Friday Fiber Tips

by in Fitness, Food & Nutrition September 13, 2013

Before I dive into FIBER…please take time to check out some of the other tabs on my blog with more info on health, nutrition, local classes, workout programs, etc.

Now onto Friday Fiber Tips…..

Fiber: nutrition. also called bulk, dietary fiber, roughage. the structural part of plants and plant products that consist of carbohydrates, as cellulose and pectin, that are wholly or partially indigestible and when eaten stimulate peristalsis in the intestine. food containing a high amount of such carbohydrates are fruits, vegetables and grains.

We have all heard how essential it is to be eating enough fiber. Some of us may also know what it feels like when we eat too much fiber 🙁

But, do you really understand why fiber is important? and that there are 2 forms of fiber that we need to be eating for different reasons?groceries

Here are the facts:

  • The average American needs 14g of fiber per 1000 calories consumed daily.
  • Insoluble fiber, also called cellulose, hemicellulose and lignin; do not dissolve in water and keep digestive muscles in the intestines working and strong! Examples are: bran, brown rice, seeds, skins of fruit, whole grain products and many veggies.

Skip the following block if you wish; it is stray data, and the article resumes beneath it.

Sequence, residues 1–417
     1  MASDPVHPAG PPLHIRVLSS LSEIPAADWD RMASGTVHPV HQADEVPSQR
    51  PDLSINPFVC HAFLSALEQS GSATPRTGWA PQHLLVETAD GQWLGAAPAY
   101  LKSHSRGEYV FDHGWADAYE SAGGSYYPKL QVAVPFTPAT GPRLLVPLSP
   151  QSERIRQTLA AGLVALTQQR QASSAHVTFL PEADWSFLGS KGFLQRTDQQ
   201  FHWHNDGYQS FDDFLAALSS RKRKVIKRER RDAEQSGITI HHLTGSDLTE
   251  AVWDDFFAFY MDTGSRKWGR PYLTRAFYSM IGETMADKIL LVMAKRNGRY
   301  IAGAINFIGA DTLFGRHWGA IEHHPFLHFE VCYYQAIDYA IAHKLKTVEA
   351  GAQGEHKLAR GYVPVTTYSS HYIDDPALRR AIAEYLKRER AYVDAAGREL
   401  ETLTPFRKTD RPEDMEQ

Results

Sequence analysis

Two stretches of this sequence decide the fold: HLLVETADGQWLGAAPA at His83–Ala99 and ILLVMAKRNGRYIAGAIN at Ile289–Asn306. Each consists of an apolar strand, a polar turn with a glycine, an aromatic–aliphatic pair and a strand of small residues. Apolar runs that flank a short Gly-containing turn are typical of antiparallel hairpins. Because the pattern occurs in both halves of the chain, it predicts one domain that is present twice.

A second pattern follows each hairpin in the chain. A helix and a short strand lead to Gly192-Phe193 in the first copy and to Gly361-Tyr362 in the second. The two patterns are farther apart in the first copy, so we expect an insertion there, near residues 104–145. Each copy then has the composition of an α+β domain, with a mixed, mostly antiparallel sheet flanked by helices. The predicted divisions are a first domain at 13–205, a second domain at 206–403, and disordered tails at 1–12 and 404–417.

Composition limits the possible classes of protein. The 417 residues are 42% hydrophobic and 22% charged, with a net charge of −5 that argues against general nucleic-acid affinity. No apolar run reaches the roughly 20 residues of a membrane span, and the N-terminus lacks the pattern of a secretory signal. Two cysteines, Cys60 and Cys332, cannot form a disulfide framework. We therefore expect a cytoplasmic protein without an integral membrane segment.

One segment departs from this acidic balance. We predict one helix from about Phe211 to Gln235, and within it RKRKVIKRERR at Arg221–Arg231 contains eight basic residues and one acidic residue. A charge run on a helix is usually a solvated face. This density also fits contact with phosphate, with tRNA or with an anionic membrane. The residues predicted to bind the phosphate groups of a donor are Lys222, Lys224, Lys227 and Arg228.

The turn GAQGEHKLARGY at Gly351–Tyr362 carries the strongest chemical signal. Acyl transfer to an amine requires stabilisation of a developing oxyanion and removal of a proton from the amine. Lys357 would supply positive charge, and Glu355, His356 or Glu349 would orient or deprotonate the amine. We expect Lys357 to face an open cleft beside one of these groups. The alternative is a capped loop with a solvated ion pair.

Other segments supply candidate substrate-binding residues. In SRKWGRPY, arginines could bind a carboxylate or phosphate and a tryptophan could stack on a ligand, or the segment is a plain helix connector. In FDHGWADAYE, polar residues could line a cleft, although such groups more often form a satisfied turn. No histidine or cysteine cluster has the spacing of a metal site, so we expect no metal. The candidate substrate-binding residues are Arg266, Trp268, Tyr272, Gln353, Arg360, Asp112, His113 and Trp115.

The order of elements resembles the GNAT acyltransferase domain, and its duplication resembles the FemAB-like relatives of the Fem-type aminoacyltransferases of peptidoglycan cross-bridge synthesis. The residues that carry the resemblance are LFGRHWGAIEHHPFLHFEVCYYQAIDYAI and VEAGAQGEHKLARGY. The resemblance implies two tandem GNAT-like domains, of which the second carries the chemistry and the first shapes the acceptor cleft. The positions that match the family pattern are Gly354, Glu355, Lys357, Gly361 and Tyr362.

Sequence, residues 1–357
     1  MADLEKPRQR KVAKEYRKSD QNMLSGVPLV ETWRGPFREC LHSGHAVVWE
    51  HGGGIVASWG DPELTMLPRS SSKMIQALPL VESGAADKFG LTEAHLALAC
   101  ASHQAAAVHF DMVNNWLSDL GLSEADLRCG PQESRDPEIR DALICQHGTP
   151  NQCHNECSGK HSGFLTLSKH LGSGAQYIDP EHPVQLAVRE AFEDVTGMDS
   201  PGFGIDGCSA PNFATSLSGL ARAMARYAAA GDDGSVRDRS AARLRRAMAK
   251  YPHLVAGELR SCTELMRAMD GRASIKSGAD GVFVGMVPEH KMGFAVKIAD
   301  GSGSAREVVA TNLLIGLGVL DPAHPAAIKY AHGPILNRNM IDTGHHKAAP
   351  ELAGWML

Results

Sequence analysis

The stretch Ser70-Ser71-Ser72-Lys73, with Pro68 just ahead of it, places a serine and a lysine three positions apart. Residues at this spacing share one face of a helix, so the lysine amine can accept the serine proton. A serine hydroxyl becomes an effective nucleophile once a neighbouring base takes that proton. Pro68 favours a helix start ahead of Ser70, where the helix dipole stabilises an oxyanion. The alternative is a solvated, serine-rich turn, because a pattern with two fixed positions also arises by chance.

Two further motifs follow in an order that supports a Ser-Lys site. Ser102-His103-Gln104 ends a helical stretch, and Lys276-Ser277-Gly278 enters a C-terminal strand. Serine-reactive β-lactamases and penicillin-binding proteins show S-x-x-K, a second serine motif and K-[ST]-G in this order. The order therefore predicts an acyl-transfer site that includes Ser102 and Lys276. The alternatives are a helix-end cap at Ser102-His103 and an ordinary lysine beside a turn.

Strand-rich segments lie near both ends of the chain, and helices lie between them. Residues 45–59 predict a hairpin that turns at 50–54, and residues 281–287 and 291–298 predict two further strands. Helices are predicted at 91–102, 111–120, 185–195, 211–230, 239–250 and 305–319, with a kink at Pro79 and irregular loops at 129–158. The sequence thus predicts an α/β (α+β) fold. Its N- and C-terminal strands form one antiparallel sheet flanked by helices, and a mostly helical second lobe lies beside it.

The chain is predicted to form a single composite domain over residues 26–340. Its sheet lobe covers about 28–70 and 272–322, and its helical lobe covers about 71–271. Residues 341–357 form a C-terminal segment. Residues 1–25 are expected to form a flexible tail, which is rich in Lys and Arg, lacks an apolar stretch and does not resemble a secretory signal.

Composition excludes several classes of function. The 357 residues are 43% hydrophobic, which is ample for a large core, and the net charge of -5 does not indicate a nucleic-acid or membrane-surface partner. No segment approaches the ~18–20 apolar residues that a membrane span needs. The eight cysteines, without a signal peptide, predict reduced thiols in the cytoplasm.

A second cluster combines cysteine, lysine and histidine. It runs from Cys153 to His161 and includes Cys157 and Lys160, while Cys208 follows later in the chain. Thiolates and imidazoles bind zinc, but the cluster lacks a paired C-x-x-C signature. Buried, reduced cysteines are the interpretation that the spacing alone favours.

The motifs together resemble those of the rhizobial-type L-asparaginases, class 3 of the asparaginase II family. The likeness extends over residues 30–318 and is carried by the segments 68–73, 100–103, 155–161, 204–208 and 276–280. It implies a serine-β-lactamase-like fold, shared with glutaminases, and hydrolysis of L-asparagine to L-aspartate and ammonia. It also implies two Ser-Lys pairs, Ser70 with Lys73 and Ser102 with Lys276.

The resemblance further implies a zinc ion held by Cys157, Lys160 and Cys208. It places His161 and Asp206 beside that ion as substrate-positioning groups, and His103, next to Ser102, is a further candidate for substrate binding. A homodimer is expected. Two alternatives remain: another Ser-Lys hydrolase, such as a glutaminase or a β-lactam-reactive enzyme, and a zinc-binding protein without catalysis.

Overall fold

• Soluble fiber, also called pectin, gums, mucilages do dissolve and swell in water. These fibers slow the digestion rate of carbohydrates keeping blood sugar levels stable, helping with diseases such as diabetes and hypoglycemia (low blood sugar). Examples are: barley, broccoli, carrots, citrus, oats, and potatoes.

“Populations that consume more dietary fiber have less chronic disease.  In addition, intake of dietary fiber has beneficial effects on risk factors for  developing several chronic diseases.”
– American Dietetic Association

“When eaten regularly  as part of a diet low in saturated fat, trans fat and cholesterol, soluble fiber has been associated with increased diet quality and  decreased risk of cardiovascular disease. Soluble or viscous fibers modestly  reduce LDL (“bad”) cholesterol beyond levels achieved by a diet low  in saturated and trans fats and cholesterol alone.”
– American Heart Association

So make sure you choose wisely and include a variety of foods into your diet for adequate fiber intake 🙂